Good morning! Welcome to The Morning Shift, your roundup of the auto news you crave, all in one place every weekday morning. Here are the important stories you need to know.

1st Gear: Nissan Could Pay Almost $100 Million In Takata Airbag Settlement

Not nearly enough people are participating in Takata’s airbag recall, the largest in automobile history. We learned in June that someone repairing a Honda Accord died when the airbag deployed, despite Honda claiming that it sent twelve recall noticed to registered owners of that car over a seven year period.

To help get people to fix their flawed cars, Mazda, BMW, Subaru and Toyota took part in a $553 million settlement earlier this year. Part of that settlement involved providing rental cars for people who need to turn their cars in for a fix.

Now Nissan’s got a similar settlement on the horizon, with The Detroit News reporting that the company could pay $97.68 million, in part, to fund an “outreach program” aimed at getting faulty airbags out of the 4.4 million affected Nissans. In addition, that nearly nine-figure settlement would “compensate owners for expenses while getting their cars fixed, including rental cars.”

That sounds like a good thing; bringing cars in for repairs is a pain in the ass, and a rental car would make things a lot easier. Hopefully this settlement will convince people to get their damn cars fixed, so we can stop reading tragic stories of people getting hurt by airbags in cars that have had recall notices out for years.

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2nd Gear: Takata Asks The Court To Stop People From Suing Carmakers For A Bit

Speaking of the largest recall in automobile history, Takata and its North American subsidiary TK Holdings Inc. want to put a little pause on lawsuits against automakers. The companies went into bankruptcy after numerous lawsuits associated with the Takata’s faulty airbags, which have claimed the lives of 11 people in the U.S.

That company’s bankruptcy acted as a barrier against a wave of lawsuits for “wrongful death, injuries, economic loss and breach of consumer protection laws,” Automotive News reports. But it didn’t stop lawsuits against automakers who sold cars equipped with Takata’s dangerous airbags.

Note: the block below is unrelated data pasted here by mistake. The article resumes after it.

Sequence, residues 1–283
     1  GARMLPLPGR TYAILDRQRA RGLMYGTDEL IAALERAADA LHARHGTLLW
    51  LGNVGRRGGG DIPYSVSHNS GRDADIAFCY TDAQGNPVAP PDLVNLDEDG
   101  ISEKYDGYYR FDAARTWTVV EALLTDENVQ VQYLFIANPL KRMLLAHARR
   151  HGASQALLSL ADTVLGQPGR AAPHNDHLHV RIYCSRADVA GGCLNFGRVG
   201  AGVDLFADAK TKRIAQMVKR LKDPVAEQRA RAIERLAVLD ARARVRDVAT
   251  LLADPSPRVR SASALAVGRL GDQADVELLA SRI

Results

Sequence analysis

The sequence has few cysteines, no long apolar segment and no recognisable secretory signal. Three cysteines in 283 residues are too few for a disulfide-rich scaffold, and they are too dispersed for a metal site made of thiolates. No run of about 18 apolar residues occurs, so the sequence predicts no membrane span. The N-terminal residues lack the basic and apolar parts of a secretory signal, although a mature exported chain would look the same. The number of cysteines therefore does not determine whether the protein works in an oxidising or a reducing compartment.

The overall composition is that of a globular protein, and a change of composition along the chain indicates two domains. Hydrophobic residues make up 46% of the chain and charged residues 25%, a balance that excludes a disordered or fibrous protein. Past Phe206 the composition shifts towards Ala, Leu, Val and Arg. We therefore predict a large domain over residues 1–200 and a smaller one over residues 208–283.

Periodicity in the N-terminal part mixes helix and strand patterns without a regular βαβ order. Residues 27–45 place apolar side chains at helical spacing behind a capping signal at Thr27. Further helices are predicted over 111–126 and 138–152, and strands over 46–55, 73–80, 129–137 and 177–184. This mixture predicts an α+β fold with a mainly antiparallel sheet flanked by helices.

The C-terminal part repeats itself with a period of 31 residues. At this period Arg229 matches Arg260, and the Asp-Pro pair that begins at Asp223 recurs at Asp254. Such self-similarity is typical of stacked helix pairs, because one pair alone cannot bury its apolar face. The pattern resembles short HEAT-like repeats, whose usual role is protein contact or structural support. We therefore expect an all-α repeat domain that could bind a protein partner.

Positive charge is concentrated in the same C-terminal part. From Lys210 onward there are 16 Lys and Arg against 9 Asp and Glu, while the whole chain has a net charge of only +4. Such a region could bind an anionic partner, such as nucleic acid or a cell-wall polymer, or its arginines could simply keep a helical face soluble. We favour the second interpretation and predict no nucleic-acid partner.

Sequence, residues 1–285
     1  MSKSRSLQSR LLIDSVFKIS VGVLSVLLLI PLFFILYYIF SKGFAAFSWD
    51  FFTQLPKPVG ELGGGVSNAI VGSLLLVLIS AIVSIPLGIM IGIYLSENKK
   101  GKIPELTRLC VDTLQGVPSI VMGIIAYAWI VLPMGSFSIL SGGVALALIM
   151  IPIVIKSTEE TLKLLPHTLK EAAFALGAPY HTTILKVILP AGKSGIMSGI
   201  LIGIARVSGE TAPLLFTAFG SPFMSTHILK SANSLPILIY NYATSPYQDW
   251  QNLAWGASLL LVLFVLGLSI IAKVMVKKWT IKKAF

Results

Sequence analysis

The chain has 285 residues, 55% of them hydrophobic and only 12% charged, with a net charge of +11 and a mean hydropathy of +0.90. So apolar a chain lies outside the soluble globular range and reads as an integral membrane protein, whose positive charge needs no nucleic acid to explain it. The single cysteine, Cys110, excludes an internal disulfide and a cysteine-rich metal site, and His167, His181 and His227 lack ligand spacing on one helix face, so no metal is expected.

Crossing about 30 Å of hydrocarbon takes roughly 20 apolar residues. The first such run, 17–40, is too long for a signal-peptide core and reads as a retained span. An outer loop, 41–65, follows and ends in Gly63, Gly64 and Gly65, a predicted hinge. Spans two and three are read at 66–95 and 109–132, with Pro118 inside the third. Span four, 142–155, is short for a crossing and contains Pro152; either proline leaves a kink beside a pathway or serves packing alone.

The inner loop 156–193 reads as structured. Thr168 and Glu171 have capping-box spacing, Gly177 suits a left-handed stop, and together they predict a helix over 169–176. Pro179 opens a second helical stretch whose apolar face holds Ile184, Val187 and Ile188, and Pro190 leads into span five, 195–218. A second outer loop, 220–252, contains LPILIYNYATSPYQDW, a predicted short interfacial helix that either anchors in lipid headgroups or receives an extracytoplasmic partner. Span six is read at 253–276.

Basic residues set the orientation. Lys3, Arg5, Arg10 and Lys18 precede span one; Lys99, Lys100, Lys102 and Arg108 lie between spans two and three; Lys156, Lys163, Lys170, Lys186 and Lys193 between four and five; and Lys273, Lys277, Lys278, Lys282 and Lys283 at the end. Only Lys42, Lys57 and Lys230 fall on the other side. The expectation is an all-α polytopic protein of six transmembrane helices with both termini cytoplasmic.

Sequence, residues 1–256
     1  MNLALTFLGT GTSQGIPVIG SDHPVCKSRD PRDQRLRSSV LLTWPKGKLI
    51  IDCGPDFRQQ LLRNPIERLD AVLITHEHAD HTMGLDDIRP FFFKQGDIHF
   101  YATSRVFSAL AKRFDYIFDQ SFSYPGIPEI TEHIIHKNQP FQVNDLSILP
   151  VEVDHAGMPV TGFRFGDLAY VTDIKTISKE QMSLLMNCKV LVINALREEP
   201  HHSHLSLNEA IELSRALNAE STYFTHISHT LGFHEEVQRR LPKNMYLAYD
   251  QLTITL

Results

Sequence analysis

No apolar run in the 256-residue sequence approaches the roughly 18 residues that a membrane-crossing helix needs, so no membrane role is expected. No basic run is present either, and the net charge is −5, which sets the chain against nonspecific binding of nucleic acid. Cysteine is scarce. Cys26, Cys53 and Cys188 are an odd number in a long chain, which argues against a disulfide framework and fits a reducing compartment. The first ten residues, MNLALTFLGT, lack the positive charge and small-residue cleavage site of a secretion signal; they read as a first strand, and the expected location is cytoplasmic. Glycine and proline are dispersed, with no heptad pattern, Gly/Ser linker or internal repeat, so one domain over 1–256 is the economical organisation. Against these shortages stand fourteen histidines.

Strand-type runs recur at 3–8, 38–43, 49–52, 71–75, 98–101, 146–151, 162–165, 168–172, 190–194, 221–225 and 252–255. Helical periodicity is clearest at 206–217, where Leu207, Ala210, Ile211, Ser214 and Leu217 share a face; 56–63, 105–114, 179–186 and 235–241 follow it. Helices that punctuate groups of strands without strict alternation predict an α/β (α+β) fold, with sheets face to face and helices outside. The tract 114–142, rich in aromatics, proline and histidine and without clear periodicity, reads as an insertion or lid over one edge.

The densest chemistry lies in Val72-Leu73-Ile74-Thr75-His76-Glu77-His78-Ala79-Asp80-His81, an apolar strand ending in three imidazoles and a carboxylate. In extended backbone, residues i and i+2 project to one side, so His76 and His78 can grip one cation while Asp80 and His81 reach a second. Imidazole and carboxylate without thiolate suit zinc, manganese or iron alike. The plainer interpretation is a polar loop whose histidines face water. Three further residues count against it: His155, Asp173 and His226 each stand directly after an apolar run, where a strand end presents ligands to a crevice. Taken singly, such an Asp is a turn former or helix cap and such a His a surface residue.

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So last month, the bankrupt company went after a preliminary injunction aimed at doing just that. Automotive News describes the reasoning why Takata wants to halt litigation against automakers, saying:

Takata said the litigation would distract management from completing the sale of the company’s viable operations to Key Safety Systems for $1.6 billion and could threaten the supply of airbag inflators to replace recalled ones.

The news site says a number of auto companies agree with the call for a six-month lawsuit delay. Among them: BMW, Ford, Honda and Toyota, all of which said in a court filing that the delay would help Takata restructure and that it would “protect the supply of replacement inflators and diminish the risk of future deaths and injuries.”

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Naturally, lawyers representing those affected by the faulty airbags aren’t thrilled, with some saying the injunction request is “an abuse of the bankruptcy laws for the benefit of all of the world’s largest automobile manufacturers.”

3rd Gear: Former FCA Financial Analyst Pleads Guilty To Fraud

Last month, the feds indicted certain FCA employees suspected of funneling over a million dollars to UAW officials to keep them “fat, dumb and happy.” Among the suspects was Jerome Durden, controller of the company’s National Training Center.

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While in that role, Durden “helped to steer funds, plane tickets, mortgage payments and other goods valued at more than $4.5 million to UAW [officials],” according to the Detroit Free Press.